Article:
Social media posts could come back to haunt you

Embed from Getty Images

They say a picture is worth a thousand words, but what are your pictures saying about you?

Today’s generation lives revolve around social media. People posts about our friends, family, pets, adventures, food, the list is endless. However, are these social media posts causing more harm than they are good when it comes to future career opportunities?

The way this generation presents themselves online says a lot about the type of people they are. It shows who they hang out with, how they spend our time, what their likes and dislikes are, and even what others say about them. With access to so much information about a person just by a simple Google search, it’s important to be aware of what you’re posting, because some companies take social media accounts into consideration when looking to hire someone for a job or internship.

Kristina Rosa, a producer for the show LA Daily on SiriusXM, says looking at social media accounts are important to her because it shows a person’s ability to be creative with a limited amount of characters.

“I look to see if the person is active daily or at least a few times a week, how the interaction is with articles or direct tweets, if the person only complains, or gives insightful feedback on articles or about a tweet,” Rosa said.

Embed from Getty Images

Twitter is one social medium that could be used to either help or hurt a potential job candidate depending on how they use it. Lila Carney, the Director for Advising and Student Development in the School of Communications at Quinnipiac University, believes Twitter can be very effective if used wisely.

“Twitter has a lot of potential for students in career development. It’s a great resource for looking for jobs,” Carney said. “You can tweet at a company and a lot of times somebody will tweet back at you. If a company is highly competitive, showing that you follow them on Twitter, that you liked their articles, that maybe you’ve written your own stuff and that you’ve tweeted that at a company, I think goes a long way. There’s a lot of ways that students can help themselves stand out to employers on social media that goes beyond sending in a cover letter and resume.”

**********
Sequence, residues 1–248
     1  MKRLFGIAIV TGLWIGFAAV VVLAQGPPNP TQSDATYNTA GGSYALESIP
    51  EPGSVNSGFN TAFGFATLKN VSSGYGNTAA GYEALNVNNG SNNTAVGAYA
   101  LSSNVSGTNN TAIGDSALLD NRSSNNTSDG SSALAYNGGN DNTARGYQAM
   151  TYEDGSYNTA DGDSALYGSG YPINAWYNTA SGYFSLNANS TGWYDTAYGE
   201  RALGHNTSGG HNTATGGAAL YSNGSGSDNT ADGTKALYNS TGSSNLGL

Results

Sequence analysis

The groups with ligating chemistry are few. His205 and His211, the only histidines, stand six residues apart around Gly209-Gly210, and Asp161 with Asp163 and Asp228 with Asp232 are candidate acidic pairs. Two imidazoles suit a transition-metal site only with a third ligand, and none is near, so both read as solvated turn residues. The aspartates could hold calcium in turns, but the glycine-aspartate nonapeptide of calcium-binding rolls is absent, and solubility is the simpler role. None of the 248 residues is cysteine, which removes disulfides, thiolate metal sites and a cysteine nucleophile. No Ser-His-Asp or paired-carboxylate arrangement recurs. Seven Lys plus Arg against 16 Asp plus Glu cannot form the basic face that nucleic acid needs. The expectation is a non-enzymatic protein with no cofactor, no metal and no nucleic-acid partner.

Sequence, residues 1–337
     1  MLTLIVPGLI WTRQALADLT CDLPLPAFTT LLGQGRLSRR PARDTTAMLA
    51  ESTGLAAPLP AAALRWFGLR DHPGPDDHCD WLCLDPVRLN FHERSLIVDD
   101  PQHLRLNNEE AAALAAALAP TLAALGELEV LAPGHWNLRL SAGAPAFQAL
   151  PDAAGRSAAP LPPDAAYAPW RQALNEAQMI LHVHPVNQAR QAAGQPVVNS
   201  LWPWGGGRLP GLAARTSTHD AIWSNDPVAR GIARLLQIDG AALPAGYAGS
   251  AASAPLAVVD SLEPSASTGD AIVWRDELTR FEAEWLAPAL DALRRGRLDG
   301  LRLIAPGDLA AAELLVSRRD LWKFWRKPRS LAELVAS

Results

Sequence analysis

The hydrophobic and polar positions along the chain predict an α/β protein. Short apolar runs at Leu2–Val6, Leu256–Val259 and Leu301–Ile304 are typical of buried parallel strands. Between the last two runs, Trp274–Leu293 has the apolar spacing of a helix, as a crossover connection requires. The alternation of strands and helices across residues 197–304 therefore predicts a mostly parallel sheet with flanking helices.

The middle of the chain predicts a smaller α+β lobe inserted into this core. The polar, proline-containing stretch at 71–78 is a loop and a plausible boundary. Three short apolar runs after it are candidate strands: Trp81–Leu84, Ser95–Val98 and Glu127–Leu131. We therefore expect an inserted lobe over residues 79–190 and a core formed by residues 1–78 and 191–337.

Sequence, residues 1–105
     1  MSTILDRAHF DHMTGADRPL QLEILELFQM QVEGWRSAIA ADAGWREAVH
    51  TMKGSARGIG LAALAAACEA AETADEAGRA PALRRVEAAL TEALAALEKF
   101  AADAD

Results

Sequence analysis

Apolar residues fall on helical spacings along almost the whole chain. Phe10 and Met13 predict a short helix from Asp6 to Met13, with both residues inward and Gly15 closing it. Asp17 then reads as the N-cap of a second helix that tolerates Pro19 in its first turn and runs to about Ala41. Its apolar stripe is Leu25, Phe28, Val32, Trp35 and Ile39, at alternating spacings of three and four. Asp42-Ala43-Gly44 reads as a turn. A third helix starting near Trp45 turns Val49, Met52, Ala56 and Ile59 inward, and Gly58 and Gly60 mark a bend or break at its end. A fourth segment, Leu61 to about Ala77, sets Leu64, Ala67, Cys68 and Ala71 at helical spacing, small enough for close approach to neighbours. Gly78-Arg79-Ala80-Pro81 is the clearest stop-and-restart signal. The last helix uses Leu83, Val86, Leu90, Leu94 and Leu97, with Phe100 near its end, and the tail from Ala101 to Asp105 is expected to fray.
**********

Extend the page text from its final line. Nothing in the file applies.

Carney also believes there are more beneficial ways to positively represent yourself on social media.

“Using LinkedIn effectively is probably the best social media for students in terms of just kind of putting out there what their professional social media presence will be,” Carney said. “Whether that’s sharing articles, reacting to things, commenting on other people’s posts, following people that they’re interested in, connecting with people that they’re interested in networking with. I think LinkedIn is a great social media for students.”

According to research done by CareerBuilder, most employers aren’t trying to find anything negative on social media to prevent you from getting the job. Sixty percent are actually just looking to find that the candidate has the qualifications they’re looking for.

In an anonymous survey of over 20 Quinnipiac University students,  43.5 percent said they prefer Twitter over any other form of social media. Instagram tied with Twitter also bringing in 43.5 percent of students.

Created by Kayla Hevey on Google Forums

Created by Kayla Hevey on Google Forums

But when asked Do you consider what future employers will think when you’re posting on social media? 4.3 percent said no, they don’t even think of it.

Created by Kayla Hevey on Google Forums

Created by Kayla Hevey on Google Forums

When looking on social media, employers are looking for a few different things. According to, they’re looking for information that supports that candidates qualifications for the job, the professionalism of the persons online persona, and what others are posting about them.